More from the series
Preparing for resiliency after a great quake
It’s been 318 years since the last great quake on the Cascadia subduction zone on Jan. 26, 1700. That quake, believed to be a magnitude of 9, was felt along the coastal interior of the Pacific Northwest and caused a tsunami that may have been as high as 33 feet.
The 800-mile fault stretches from northern California to southwestern British Columbia. The Cascadia Region Earthquake Workgroup says earthquakes on the fault occur, on average, every 500 to 600 years, but the years between events have been as few as 100 to 300 years.
We can all do the math. The big one is out there. It’s overwhelming – something we’ll think about when the time comes. I’ve edited as many disaster preparedness stories as you’ve probably read. Did they move you to action? I worry they didn’t. And I’m not alone.
So, starting Monday, we’re trying something new. Something out of the ordinary for The Bellingham Herald. Something I hope gets your blood pumping enough that it moves you to action.
“Imagining the Big One” is a 28-part fictional series that ponders what life in Whatcom County might be like after a great quake. Each episode offers preparedness tips and discussion points. You’ll find a daily chapter online at bhamherald.com/op-ed and we’ll print the week’s chapters in the Sunday newspaper.
The idea came to us from Jim Swift and his team at the Riverstyx Foundation. The Bellingham businessman was concerned that people weren’t prepared for disaster. The foundation created the bellinghamearthquake.info website and funded the fictional series written by John Stark, who retired from The Bellingham Herald in 2014.
The series is Stark’s informed imagination of one person’s experience in the wake of an earthquake big enough to cripple power, water and transportation systems – damage that will take weeks or months to repair.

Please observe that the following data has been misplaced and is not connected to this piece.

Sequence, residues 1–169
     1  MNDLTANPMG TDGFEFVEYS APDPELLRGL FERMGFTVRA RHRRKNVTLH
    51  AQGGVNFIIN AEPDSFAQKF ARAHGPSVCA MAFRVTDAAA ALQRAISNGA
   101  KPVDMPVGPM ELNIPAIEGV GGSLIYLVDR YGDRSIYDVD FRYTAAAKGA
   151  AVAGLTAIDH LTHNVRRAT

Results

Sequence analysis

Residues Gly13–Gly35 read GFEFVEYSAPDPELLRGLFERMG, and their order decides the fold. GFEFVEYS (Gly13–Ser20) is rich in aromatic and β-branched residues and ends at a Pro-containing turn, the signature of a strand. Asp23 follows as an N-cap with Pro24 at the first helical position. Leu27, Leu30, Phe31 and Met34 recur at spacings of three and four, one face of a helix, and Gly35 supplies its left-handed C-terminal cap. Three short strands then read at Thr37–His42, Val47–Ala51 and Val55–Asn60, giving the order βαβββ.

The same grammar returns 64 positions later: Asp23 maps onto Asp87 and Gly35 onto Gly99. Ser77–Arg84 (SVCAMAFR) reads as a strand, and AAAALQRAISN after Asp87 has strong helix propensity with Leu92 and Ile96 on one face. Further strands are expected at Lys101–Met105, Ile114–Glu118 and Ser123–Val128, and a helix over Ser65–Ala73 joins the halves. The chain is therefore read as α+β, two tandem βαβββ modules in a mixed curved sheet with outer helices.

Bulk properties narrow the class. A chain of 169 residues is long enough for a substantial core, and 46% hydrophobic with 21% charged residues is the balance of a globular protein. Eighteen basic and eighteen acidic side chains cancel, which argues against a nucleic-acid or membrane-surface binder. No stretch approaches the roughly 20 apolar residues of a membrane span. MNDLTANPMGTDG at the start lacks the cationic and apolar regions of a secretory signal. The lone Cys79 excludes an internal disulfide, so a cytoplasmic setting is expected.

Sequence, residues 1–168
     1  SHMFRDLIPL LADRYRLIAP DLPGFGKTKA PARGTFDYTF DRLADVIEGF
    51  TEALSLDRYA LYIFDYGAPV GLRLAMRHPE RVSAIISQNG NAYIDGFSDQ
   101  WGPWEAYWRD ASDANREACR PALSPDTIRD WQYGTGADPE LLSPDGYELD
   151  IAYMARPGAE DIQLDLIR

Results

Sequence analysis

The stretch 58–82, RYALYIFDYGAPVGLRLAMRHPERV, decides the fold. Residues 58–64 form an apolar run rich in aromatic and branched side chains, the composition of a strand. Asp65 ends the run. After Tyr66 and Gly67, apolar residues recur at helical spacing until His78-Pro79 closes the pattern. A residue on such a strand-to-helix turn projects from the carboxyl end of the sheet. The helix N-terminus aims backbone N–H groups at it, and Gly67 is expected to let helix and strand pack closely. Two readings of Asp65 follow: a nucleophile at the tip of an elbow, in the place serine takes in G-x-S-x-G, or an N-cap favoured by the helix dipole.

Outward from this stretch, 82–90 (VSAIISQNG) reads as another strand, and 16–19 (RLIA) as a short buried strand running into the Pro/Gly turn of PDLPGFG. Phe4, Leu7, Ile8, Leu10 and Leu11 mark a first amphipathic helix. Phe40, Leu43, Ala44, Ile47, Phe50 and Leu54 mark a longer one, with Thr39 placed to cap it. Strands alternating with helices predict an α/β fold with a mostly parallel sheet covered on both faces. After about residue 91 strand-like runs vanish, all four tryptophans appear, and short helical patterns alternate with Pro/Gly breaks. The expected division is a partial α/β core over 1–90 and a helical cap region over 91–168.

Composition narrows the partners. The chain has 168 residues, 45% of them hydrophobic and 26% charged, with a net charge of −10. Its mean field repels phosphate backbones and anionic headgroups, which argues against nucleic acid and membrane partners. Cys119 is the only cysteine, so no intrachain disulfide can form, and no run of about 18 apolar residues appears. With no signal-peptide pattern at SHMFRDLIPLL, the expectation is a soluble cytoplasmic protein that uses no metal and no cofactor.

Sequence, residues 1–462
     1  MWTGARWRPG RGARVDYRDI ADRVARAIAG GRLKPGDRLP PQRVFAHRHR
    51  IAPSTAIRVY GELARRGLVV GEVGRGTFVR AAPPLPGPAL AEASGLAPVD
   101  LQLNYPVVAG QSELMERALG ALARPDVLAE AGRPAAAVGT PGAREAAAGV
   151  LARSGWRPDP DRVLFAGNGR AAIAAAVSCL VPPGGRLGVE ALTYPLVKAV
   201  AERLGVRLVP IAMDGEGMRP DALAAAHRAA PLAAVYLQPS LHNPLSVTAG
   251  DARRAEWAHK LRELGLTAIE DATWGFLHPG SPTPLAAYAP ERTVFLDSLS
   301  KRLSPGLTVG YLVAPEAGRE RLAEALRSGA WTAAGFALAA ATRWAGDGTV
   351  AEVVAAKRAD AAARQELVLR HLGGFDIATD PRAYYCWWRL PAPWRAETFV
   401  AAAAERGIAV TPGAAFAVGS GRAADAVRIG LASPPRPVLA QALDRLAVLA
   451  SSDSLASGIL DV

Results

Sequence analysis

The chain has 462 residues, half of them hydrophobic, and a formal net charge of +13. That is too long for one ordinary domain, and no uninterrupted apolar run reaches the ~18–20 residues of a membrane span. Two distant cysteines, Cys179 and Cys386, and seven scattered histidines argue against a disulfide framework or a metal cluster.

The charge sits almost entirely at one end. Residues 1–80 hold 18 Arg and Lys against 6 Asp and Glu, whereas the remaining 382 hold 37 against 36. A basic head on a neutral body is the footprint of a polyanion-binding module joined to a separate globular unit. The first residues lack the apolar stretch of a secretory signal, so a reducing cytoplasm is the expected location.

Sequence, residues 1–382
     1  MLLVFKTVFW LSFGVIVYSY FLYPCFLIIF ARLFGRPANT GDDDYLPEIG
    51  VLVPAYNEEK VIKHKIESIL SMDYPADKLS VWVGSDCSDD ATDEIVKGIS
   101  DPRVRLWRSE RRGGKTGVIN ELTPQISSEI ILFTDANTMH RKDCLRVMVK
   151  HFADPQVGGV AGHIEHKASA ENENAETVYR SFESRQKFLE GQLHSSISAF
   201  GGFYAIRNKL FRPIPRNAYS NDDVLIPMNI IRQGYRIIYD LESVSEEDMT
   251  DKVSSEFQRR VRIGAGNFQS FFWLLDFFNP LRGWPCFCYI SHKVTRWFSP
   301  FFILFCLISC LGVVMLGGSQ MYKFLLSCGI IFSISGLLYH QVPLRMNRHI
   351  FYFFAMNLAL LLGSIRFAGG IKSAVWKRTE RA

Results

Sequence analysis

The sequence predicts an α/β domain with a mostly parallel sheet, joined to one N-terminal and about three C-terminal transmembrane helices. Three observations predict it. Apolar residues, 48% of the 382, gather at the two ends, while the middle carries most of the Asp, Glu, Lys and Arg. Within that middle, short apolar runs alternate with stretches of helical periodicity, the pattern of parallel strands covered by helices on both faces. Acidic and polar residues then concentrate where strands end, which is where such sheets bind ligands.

He consulted geologists and emergency managers and researched how other communities have coped with devastating natural disasters. It was reviewed by area experts for accuracy.
Stark says he wants readers to imagine what that would be like, and take at least some steps to get more ready than they are now.
“In a region-wide earthquake catastrophe, Whatcom County residents should be prepared to take care of themselves and their neighbors, without expecting immediate assistance from police and fire departments or other emergency responders,” Stark says.
I’ve been through several evacuations from natural disasters. I’m more prepared than some. But John’s story worked on my subconscious. I woke up early Tuesday, worrying about freshwater sources. That’s when I saw the news about the 7.9 Alaska quake and potential tsunami.
Talk about providential timing.
So, too, was my Tuesday meeting with John Gargett, the deputy director of Whatcom County Sheriff’s Office Division of Emergency Management. He has 40 years of experience working on 50 large disasters around the world.
He says resilience is key. We can prepare to be personally resilient, prepare to help our kids, our parents, our neighbors. That’s how communities come together and survive.